The Churchill box comes filled with bits, mostly of the wooden variety, to justify its price tag. Counters take he form of GMT’s deluxe “rounded” counters, with individual counter die-cutting rather than die-cut strips, and the fifty-odd cards are of typical size and with a nice finish. The mounted map has a good matte finish and works ergonomically for the most part. A note to the sticker-averse, however: some of the wooden blocks do require stickering. Thankfully GMT provides extra stickers and blocks in case your manual dexterity just isn’t what it used to be.

Churchill fits a good niche: a grand strategic World War II game designed for three players that focuses on the conduct of the war more than combat. There’s no real panzer pushing here, just perilous politicking over production. Charts included with the game allow one or more sides to be run via flowchart in the event that you have fewer than three players, but the deal-making (and deal-breaking) at the heart of the game make Churchill best with three. Churchill occupies a prime spot on my very short list of games I’ll bring out when three players are on hand.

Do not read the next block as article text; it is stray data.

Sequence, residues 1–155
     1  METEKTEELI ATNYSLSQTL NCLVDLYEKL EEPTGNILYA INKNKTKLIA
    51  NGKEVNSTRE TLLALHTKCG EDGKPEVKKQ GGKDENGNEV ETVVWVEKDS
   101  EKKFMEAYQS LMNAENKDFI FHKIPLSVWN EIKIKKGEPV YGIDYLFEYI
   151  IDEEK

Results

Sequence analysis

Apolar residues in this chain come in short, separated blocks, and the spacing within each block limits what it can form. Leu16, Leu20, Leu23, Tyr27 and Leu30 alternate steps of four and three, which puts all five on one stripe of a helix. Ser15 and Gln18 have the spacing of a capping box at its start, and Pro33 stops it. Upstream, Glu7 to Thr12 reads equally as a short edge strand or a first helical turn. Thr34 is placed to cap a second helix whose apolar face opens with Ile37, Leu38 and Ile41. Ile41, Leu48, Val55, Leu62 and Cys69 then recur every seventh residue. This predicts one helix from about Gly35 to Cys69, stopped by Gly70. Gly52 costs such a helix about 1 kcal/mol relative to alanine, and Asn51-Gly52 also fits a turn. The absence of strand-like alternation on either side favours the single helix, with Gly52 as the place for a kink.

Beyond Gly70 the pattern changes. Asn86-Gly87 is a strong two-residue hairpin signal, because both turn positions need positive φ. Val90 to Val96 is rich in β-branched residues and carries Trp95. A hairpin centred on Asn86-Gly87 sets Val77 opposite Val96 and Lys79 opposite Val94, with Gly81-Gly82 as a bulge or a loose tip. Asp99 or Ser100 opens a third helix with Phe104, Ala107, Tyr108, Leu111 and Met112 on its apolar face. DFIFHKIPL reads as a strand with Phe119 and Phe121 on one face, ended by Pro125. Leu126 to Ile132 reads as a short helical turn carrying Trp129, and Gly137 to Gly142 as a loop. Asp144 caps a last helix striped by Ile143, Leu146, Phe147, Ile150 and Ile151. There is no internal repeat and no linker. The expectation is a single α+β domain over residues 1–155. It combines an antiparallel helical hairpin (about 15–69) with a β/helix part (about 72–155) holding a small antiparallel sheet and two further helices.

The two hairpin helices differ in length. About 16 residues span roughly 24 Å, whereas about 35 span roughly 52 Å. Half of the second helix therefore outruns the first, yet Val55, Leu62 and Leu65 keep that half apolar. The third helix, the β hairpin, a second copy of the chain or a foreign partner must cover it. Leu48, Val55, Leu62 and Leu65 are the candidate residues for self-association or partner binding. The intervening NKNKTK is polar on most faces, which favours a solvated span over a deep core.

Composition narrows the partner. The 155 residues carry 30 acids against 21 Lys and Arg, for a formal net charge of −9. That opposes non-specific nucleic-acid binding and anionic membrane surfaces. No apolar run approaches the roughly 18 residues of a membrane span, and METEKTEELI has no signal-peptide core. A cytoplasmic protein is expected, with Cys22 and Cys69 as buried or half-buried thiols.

Side-Scrolling Spitfires: Wing Leader (GMT Games)

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The art of design involves knowing what to remove as well as what to add. So I find what Lee Brimmicombe-Wood has done with Wing Leader: Victories 1940-1942 (GMT Games, 2015) rather appealing: he’s created an air combat game, at squadron scale, that eliminates an entire dimension, portraying the combat interactions of fighters and bombers from a side-on perspective. By focusing his game of Second World War air combat at the point of contact between the opposing sides, the need to maneuver squadrons to their destination has been eliminated, and with it, the need for that Z dimension on the plot. Wing Leader provides the sharp end of the stick, as it were, without the rest of the stick.

Wing Leader: Blenheims in Trouble

Similarly, the differences between aircraft types have been smoothed down to a small range, demonstrating the broad similarities between aircraft of the same generation. There are certainly contrasts between, say, a Spitfire and a Me-109, but they come out in very subtle ways that require the player to use the planes to their proper, and historical, advantage. Which is not to say the game lacks chrome, as Wing Leader includes forty beautifully drawn aircraft types (with data presented on nice cardboard cards) from Great Britain, the United States, Japan, Italy, Germany, and the Soviet Union. I defy any discerning gamer to resist playing a scenario involving Regia Aeronautica CR.42 biplanes against RAF Hurricanes over Malta.